Writ­ten all over their face

The Packet (Clarenville) - - FRONT PAGE - Bob Wake­ham Bob Wake­ham has spent more than 40 years as a jour­nal­ist in New­found­land and Labrador. He can be reached by email at bwake­ham@nl.rogers.com

In con­trast last week to the piti­ful shots of Cros­bie and Pad­don, there was the smile from ear-to-ear of Pre­mier Dwight Ball.

You’d be hard-pressed to lo­cate a smile on the two mugs that seemed to jump off the web­sites of the Tele­gram and the lo­cal CBC one morn­ing last week.

Terry Pad­don, the au­di­tor gen­eral, had an un­der­stand­ably sor­row­ful puss, his last re­port be­fore tak­ing re­tire­ment not ex­actly an in­duce­ment to cel­e­bra­tory jigs from St. John’s to St. Jacques, pre­dict­ing, as it did, rough and tough eco­nomic times for the prov­ince.

The only other nearby face on the me­dia sites with an equally sad coun­te­nance be­longed to Ches Cros­bie, the de­meanour a re­sult of the fact, I would pre­sume, that the an­nounce­ment of his can­di­dacy for the PC lead­er­ship was vir­tu­ally lost in the head­lines to his rev­e­la­tion of be­ing caught by the cops drink­ing and driv­ing a cou­ple of decades ago and be­ing con­victed of re­fus­ing the breath­a­lyzer.

In one case (so to speak), we have the au­di­tor gen­eral pro­vid­ing New­found­lan­ders with the kind of in­for­ma­tion that would drive even the head of the to­tal ab­sti­nence so­ci­ety to im­bibe, and, in the other, a past in­ci­dence of il­le­gal drink­ing that might im­pede the present-day am­bi­tions of a fledg­ling politi­cian.

And con­tin­u­ing with booze as the com­mon de­nom­i­na­tor here, I can’t help but note that much of this fi­nan­cial mess Pad­don is now de­scrib­ing had to have come about be­cause of the phi­los­o­phy of Danny Wil­liams and com­pany to make hay while the sun shone, when New­found­land briefly en­joyed a de­par­ture from its have-not sta­tus — a time when the Tories were singing “let’s for­get about to­mor­row” and spend­ing money, as the an­cient cliché goes, like drunken sailors.

I don’t know about you, but I take lit­tle so­lace in the re­ac­tion of Fi­nance Min­is­ter Tom Os­borne — a mem­ber of the Wil­liams ad­min­is­tra­tion, it should be noted again and again, with the op­er­at­ing mantra of live for to­day — to Pad­don’s gloom and doom pre­dic­tion, a re­sponse draped in the sort of plat­i­tudes politi­cians al­ways seem to lean on when con­fronted with trou­bling fi­nan­cial news: “strong fis­cal man­age­ment” will con­tinue, along with en­cour­ag­ing “strong eco­nomic de­vel­op­ment,” blah, blah, blah.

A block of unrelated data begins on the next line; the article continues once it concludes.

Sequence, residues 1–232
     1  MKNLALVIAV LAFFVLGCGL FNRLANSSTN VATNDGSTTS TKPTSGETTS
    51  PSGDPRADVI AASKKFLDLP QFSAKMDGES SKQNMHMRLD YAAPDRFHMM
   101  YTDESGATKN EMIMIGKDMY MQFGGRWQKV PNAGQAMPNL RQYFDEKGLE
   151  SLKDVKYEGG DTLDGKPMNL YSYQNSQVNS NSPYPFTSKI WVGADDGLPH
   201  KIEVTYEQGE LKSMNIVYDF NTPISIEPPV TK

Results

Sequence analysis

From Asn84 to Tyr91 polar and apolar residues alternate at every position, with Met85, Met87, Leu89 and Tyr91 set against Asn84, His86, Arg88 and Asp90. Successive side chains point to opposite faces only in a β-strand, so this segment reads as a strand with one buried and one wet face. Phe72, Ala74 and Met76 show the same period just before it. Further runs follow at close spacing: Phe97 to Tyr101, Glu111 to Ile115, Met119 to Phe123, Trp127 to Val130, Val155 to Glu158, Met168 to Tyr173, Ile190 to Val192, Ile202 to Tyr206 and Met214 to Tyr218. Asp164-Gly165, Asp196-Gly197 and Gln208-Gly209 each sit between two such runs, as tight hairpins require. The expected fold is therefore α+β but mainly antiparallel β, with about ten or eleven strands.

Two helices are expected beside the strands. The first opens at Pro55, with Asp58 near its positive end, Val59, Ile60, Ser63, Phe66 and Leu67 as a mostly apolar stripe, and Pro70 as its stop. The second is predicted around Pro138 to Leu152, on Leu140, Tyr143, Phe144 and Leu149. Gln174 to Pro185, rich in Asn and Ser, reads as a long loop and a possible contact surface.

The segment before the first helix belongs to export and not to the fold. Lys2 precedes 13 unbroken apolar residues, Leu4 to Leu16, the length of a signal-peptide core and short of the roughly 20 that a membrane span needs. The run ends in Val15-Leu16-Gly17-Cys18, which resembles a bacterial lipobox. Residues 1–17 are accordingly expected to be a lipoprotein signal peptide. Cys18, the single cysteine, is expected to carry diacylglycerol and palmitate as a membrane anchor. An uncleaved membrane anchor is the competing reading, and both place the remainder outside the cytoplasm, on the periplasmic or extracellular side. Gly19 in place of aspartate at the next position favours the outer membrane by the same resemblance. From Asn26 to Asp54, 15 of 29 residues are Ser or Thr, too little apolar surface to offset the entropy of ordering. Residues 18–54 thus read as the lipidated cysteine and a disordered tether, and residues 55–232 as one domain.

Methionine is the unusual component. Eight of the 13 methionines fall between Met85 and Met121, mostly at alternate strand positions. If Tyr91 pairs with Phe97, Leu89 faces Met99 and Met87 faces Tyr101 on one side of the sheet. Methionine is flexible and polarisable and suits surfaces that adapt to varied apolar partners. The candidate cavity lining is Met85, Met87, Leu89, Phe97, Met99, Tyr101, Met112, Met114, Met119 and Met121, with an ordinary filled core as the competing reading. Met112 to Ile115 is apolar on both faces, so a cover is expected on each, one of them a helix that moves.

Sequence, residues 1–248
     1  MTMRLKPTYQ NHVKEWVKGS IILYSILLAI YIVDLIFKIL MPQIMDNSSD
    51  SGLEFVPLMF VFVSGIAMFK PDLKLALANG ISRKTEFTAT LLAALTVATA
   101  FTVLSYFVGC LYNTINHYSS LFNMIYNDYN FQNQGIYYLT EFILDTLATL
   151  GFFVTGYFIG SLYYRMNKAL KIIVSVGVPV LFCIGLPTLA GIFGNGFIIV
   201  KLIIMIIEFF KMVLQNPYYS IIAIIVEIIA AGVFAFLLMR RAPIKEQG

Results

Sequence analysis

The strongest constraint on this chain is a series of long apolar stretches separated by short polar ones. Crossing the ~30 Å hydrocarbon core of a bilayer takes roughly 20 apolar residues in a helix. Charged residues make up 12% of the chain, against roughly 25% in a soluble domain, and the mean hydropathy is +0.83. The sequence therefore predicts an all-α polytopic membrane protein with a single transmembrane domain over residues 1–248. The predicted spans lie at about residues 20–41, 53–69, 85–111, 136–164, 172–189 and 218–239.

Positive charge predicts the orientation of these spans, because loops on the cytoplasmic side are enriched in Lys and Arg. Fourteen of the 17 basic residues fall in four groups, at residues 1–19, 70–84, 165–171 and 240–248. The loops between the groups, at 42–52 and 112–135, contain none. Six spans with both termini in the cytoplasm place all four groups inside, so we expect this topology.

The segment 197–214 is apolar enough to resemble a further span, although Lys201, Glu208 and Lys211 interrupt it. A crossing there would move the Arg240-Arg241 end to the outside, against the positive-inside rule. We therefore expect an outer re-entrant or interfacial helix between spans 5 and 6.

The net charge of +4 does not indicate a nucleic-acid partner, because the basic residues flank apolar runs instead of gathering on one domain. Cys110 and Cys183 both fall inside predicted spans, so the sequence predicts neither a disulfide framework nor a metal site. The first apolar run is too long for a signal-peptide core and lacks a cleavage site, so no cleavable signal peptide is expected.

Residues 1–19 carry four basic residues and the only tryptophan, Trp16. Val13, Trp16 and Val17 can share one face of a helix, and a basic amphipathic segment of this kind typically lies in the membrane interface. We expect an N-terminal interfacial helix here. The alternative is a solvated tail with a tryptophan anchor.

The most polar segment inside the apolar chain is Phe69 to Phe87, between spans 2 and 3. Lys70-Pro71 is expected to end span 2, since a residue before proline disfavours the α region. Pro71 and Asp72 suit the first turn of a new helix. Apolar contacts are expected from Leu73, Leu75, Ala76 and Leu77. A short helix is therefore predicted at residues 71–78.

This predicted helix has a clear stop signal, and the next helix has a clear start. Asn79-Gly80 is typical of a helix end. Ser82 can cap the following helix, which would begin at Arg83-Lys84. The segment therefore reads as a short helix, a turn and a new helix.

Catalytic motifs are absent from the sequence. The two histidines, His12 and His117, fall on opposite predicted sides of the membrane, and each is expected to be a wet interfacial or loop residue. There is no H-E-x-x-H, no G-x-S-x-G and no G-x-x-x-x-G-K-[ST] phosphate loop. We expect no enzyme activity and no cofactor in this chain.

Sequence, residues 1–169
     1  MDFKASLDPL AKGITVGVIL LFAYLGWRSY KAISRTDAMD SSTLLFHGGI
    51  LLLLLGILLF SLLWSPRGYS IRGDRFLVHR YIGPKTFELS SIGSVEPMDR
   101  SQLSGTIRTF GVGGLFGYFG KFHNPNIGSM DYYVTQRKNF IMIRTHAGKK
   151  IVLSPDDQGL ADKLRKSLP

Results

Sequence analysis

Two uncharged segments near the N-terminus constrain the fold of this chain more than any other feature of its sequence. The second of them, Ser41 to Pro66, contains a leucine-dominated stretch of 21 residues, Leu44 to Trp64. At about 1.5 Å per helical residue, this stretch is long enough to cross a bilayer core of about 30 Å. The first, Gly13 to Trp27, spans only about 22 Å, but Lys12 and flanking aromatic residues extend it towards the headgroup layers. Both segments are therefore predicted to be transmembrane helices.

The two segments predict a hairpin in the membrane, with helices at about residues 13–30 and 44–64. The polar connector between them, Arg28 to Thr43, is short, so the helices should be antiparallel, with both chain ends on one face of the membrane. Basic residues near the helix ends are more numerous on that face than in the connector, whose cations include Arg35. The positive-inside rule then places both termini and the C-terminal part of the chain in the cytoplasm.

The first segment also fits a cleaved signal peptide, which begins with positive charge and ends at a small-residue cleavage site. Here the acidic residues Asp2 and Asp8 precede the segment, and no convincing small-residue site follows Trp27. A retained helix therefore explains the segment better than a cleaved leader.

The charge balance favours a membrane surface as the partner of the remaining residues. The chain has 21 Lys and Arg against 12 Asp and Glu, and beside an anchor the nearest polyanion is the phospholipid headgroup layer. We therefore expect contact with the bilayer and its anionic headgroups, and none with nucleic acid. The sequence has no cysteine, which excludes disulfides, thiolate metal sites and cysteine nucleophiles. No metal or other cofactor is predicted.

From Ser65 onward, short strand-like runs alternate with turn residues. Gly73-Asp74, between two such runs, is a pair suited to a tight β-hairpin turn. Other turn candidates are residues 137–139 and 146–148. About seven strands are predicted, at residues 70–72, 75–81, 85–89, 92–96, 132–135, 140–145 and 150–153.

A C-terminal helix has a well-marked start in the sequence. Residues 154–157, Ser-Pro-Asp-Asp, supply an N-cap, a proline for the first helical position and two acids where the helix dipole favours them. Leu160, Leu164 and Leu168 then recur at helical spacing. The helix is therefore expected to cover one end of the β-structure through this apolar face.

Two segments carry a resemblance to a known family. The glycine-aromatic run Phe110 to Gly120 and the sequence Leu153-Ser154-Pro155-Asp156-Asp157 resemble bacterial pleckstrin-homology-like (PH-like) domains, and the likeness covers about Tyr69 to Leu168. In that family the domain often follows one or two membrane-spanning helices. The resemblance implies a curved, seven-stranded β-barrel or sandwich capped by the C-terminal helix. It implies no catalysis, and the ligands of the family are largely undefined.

And if you man­aged to get by Cros­bie’s con­fes­sion of get­ting nabbed by the cops 24 years ago in St. John’s, and read or heard about his plat­form and phi­los­o­phy, there were few de­tails there, as well, of any plans to coun­ter­act this plunge into the eco­nomic sewer we seem to be tak­ing, just more Os­borne-like gen­er­al­iza­tions: the wannabe leader is promis­ing to “re­build the econ­omy,” “re­store con­fi­dence in gov­ern­ment,” and “re­vi­tal­ize the PC party.” Wow. That should cause a stir­ring in the stock mar­kets, and cries from the fi­nan­cial wizards of “We want Ches! We want Ches!”

(Just get­ting back for a mo­ment or two to that driv­ing in­dis­cre­tion: how was it that Cros­bie’s con­vic­tion man­aged to stay on the q.t., to slip below the news radar back then? A promi­nent lawyer, son of po­lit­i­cal icon John Cros­bie, after all, in court, fac­ing se­ri­ous charges? Just won­der­ing.

Also, many of us — I use the word “us,” hav­ing, as I do, an im­paired driv­ing con­vic­tion on my record — would be cu­ri­ous as to how Cros­bie went about ob­tain­ing a par­don for his crime. Again, just won­der­ing).

In con­trast last week to the piti­ful shots of Cros­bie and Pad­don, there was the smile from ear-to-ear of Pre­mier Dwight Ball.

And who can blame the Man­nequin Man? After all, the lat­est polls in­di­cate that the pop­u­lar­ity of his gov­ern­ment is on the rise, a dra­matic change from just a few months back when the Lib­er­als were so far in the dumps that even Paul Davis was start­ing to re­con­sider his de­ci­sion to re­lin­quish his lead­er­ship of the PC party. (Davis, po­lit­i­cal his­to­ri­ans will cer­tainly note, has re­con­firmed that he’s def­i­nitely out of the race, leav­ing only the be­fore men­tioned Cros­bie, the Breath­a­lyzer Man, as the lone can­di­date).

There’s ob­vi­ously a fickle crowd of vot­ers out there, so if I was Ball, I wouldn’t take those lat­est re­sults to the Bank of Smiles.

Any day soon, he could be ap­pear­ing on a news agency web­site, with the kind of mourn­ful look we saw on Terry Pad­don and Ches Cros­bie.

One morn­ing.

Last week.

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